Since January I’ve been working on a picture book based on a real event. Like almost everything I’ve written up to this point, I was sure it was historical fiction. But at critique group a few weeks back, Uma Krishnaswami showed me that wasn’t the case.
Have you invented scenes? Uma asked.
How about dialogue?
None of that either. I’ve only used conversations I’ve found in my research.
Then you’re writing non-fiction, she said.
It sounds kind of goofy I had no idea the “biography-ish historical” I thought I was writing was actually something else. Looking back to my research, the non-fiction classification makes the most sense: I’d spent weeks creating a very detailed timeline of events (with a simplified version to hang on my office wall). I wanted to only hint at emotions I knew the people in the story had expressed themselves. All facts I included would be absolutely true. So why was the idea of writing non-fiction so surprising to me?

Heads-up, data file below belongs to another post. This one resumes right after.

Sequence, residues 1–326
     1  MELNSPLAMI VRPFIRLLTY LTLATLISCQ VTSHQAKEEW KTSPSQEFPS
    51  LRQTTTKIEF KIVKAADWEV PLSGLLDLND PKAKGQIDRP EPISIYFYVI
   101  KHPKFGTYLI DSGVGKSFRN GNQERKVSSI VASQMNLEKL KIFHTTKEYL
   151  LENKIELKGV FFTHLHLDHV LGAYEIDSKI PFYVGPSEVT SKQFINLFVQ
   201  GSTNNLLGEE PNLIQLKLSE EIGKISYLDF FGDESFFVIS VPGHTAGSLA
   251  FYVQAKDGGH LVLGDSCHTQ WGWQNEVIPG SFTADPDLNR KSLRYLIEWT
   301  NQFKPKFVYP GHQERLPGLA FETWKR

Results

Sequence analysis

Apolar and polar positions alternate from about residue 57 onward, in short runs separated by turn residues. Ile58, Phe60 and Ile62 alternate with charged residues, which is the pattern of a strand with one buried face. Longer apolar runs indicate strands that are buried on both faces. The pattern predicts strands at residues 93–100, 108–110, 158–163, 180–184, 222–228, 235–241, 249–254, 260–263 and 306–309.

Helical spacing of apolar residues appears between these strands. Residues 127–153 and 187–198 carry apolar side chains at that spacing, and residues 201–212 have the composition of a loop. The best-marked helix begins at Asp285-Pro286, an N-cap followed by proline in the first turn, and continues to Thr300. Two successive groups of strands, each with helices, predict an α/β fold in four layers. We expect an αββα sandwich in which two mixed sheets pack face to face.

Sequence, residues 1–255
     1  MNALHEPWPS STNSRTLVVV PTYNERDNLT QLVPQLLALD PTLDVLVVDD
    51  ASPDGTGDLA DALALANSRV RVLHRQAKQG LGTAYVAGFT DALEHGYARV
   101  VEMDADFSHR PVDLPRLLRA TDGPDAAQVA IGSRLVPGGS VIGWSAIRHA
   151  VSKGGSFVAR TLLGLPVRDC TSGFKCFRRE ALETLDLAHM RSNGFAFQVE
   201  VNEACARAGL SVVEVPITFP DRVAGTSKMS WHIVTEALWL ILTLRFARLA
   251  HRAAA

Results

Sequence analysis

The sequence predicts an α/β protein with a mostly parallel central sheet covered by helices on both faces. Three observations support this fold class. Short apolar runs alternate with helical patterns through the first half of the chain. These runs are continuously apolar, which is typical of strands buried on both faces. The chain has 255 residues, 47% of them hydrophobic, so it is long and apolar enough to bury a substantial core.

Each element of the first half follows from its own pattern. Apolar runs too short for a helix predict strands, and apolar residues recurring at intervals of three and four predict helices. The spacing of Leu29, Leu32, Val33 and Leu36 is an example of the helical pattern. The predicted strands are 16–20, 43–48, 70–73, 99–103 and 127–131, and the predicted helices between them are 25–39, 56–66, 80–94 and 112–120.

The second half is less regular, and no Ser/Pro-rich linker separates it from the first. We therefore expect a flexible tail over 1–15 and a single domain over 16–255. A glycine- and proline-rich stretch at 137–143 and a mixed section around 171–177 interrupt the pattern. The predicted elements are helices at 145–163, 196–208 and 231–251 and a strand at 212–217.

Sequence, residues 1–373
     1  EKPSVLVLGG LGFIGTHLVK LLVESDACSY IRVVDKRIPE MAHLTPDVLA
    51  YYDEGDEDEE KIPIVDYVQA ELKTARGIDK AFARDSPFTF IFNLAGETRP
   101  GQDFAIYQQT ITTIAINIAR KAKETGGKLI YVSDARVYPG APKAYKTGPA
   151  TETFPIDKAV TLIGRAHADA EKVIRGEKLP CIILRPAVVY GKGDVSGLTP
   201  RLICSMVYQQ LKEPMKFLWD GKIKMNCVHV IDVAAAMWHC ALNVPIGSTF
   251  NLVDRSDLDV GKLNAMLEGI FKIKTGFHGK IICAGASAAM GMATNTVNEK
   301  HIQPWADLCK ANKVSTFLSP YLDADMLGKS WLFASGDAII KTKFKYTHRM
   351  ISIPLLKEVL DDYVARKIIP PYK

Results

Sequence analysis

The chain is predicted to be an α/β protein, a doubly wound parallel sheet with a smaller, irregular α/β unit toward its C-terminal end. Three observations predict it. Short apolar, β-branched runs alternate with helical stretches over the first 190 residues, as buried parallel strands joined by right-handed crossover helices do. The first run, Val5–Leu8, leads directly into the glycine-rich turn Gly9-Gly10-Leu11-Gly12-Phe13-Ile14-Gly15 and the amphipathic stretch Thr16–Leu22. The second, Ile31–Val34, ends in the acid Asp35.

Because that’s not what I do. And new things are scary.
Uma has reminded me I’m a storyteller. That story is just as essential to non-fiction as it is fiction. That now that I’ve done my research, it’s time to set it aside and get down to weaving a tale — one that’s true but not weighed down or worried about every last detail. Her advice echoes something I read recently in Jeannine Atkins’s Views from a Window Seat: Thoughts on Writing and Life:
Once I get my facts straight, once I’ve described, say, a bird, with the slant of every feather distinct, I shut my eyes and listen for what flies, flutters, or falls.
Jeannine is talking about poetry, but the heart of what she’s saying is the same: We can’t stop at the facts. We need to find what lives in the words — must unearth the story within.